Pressure mounts on Vote Leave over allegations of Brexit campaign collusion

Boris Johnson and Michael Gove
Tom Coburg

Pressure is mounting on the Vote Leave campaign, which was fronted by Conservative MPs Boris Johnson and Michael Gove. Now new evidence suggests the campaign group used identical datasets to BeLeave during the EU referendum.

Collusion

The Electoral Commission is investigating Vote Leave, Darren Grimes (BeLeave), and Veterans for Britain for possible collusion during the referendum, which would breach referendum finance rules. As the Guardian‘s Carole Cadwalladr reported:

Vote Leave donated £625,000 to BeLeave which then spent the money on digital advertising in the last critical days before the vote.

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BeLeave made three payments to AggregateIQ (AIQ): US$565,500 [pdf], $264,000 [pdf] and $58,500 [pdf]. Veterans for Britain, led by Lee Rotherham – the former head of special projects for Vote Leave – paid £100,000 to AIQ. The Democratic Unionist Party (DUP) received funding from the Constitutional Research Council of more than £425,000 for its Brexit campaign, and it paid £32,750 to AIQ.

But the question remains: was there also coordination between Vote Leave and BeLeave in how that money was spent?

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Smoking gun?

Now, in the latest twist, Facebook has written a letter to the Commons committee investigating fake news. In the letter, Vote Leave and BeLeave are said to have shared [pdf, p3] three datasets to locate potential recipients of targeted Facebook adverts. These include: ‘data file custom audiences’, ‘website custom audiences’ and ‘lookalike audiences’.

But Vote Leave and Grimes told the Guardian that there was no coordination between the campaigns on how the money was spent.

The Facebook letter also states [pdf, p4] that there were billing and administrative links between data miners SCL, Cambridge Analytica (now in liquidation), and AIQ. None appear to relate to the EU referendum campaign.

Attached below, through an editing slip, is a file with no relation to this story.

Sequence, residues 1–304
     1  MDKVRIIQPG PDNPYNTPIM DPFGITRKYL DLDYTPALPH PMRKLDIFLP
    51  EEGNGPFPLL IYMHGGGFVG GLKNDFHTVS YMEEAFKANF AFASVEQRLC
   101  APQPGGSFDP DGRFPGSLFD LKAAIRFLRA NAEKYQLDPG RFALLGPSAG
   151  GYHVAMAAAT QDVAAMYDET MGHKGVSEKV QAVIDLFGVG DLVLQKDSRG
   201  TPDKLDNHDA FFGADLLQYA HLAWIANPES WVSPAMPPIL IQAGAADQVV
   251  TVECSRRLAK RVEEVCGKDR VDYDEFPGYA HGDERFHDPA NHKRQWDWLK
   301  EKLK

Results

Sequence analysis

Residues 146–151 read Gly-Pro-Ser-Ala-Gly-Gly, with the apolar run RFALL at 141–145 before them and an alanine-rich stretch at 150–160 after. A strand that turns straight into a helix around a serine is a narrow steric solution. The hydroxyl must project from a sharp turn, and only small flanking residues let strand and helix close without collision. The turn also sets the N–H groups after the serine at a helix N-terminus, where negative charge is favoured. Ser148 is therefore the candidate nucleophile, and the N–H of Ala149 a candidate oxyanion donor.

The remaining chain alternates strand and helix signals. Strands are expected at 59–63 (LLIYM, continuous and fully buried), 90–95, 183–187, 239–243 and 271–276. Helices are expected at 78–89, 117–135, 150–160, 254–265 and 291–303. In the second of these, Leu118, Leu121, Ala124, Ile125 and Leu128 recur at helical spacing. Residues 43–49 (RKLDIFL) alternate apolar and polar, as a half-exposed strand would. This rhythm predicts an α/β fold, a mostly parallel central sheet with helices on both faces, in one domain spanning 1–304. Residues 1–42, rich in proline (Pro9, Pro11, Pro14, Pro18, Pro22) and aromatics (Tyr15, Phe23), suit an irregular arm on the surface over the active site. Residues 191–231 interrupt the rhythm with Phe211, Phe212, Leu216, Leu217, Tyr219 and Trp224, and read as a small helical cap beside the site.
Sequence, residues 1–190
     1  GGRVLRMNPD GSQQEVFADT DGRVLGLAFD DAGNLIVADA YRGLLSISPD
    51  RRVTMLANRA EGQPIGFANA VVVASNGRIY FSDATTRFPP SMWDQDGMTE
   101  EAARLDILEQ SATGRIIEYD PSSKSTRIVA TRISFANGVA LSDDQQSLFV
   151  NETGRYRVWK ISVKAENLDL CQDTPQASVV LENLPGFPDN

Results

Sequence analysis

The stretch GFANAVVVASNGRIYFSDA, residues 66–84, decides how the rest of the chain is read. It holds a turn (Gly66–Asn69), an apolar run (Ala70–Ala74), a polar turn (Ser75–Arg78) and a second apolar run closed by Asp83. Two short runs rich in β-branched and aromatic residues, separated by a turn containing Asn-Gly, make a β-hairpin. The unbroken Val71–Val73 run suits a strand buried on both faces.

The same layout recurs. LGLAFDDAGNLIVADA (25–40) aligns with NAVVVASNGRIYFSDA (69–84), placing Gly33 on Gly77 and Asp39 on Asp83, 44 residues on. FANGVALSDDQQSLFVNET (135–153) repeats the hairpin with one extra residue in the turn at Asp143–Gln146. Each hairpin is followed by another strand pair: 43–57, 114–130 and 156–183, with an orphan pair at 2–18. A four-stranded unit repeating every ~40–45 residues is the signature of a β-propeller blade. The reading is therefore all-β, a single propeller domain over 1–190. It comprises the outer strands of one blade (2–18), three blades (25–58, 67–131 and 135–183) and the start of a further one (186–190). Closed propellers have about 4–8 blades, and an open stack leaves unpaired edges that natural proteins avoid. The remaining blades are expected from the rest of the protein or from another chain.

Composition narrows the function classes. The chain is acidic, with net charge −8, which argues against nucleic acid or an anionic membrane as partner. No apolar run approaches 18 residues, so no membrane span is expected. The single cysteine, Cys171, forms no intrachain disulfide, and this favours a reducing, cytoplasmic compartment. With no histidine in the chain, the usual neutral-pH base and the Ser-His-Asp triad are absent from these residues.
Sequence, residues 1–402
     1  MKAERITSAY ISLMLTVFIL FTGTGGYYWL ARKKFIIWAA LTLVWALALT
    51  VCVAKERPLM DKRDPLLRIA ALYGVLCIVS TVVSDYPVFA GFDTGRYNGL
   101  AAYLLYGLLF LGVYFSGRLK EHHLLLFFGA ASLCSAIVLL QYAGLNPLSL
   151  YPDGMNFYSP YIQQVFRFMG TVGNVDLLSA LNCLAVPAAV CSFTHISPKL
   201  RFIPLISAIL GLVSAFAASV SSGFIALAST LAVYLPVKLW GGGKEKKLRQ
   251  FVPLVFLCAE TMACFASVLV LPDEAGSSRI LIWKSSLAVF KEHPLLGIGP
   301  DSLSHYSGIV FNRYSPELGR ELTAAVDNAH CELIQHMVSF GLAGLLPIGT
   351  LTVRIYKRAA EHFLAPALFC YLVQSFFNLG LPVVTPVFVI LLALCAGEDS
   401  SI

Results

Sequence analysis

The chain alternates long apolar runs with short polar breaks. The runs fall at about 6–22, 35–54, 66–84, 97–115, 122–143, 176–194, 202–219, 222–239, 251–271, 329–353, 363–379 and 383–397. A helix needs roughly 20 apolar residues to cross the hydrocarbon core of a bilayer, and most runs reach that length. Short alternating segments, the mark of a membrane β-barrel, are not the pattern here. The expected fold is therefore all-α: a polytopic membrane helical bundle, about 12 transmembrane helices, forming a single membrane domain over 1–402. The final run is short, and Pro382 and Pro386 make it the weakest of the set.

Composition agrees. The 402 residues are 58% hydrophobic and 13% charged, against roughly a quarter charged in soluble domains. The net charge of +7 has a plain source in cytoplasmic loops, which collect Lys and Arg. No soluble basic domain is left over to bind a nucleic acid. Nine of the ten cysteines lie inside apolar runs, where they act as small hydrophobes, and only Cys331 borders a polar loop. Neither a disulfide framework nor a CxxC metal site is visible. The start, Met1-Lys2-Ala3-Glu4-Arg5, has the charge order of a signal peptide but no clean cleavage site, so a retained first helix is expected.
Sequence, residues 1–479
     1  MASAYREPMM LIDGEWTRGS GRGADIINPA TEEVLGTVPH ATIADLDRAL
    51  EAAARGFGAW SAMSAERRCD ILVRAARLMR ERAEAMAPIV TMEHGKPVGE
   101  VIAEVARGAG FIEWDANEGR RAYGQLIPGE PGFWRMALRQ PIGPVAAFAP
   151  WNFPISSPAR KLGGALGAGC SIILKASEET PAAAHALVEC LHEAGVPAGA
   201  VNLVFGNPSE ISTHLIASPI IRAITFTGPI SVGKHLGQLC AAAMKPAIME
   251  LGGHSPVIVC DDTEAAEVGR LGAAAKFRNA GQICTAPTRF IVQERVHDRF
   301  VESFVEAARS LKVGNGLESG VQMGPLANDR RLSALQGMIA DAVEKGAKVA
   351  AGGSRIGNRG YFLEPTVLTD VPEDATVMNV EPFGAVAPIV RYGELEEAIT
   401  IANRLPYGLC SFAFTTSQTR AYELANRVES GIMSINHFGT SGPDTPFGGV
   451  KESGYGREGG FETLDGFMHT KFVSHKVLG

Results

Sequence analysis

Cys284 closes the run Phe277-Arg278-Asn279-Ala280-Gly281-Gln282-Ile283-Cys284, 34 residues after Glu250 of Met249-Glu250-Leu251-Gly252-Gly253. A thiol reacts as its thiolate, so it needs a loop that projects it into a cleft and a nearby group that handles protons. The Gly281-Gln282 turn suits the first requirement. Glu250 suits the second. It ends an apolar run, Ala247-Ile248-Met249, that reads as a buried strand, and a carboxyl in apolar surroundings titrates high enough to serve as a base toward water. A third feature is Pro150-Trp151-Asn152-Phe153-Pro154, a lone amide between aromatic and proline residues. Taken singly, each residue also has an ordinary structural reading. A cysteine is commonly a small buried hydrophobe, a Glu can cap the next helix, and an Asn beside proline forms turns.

However, a cache of evidence appeared to confirm that Vote Leave and BeLeave coordinated their campaigns via AIQ. Copies of allegedly incriminating emails, chat room discussions, photographs, and other material have been produced. These claim to show that Vote Leave set up BeLeave to avoid the £7m spending limit required under UK Electoral rules.

But AIQ said:

AggregateIQ works in full compliance within all legal and regulatory requirements in all jurisdictions where we operate…

More allegations

Electoral reform campaign Fair Vote also alleges that a senior Vote Leave staff member, Victoria Woodcock, went through a drive shared by Vote Leave, BeLeave and AggregateIQ. It is claimed that she ‘restricted access’ [pdf, p3] to herself, Vote Leave’s campaign director Dominic Cummings and digital director Henry de Zoete from hundreds of documents.

Fair Vote features a video on its website to argue its case:

Eye witness evidence

But whistleblower and former Vote Leave staffer Mark Gettleson backs up the claims of collusion between Vote Leave and BeLeave. As the Guardian reports, he told the Electoral Commission:

Darren [Grimes] was working within Vote Leave and continually asking me, Stephen, Cleo and the Vote Leave design team for support and assistance.

‘Stephen’ is Stephen Parkinson and ‘Cleo’ is Cleo Watson, who now both work for Theresa May.

Watson said:

I absolutely deny the charges against me.

And Parkinson added:

I had no responsibility for digital campaigning or donations during the referendum, and am confident that Vote Leave acted entirely within the law and strict spending rules at all times

However, several emails submitted to the Electoral Commission by Gettleson and published by the Guardian appear to show Parkinson directing Grimes and liaising with Vote Leave staff:

Prosecutions?

In March, Matrix Chambers barristers Clare Montgomery QC, Helen Mountfield QC, and Ben Silverstone issued a statement, saying [pdf, p46] it was their belief that a prima facie case relating to ‘electoral offences’ was:

 committed by Vote Leave in the EU referendum campaign

Gove and Johnson have both denied any wrongdoing in the Brexit campaign, saying the claims Vote Leave broke spending rules were “ludicrous”. But should it be shown that Vote Leave did commit offences, then that could cast doubt on the outcome of the 2016 referendum.

Featured image via BackBoris2012 campaign/Flickr and Policy Exchange/Flickr

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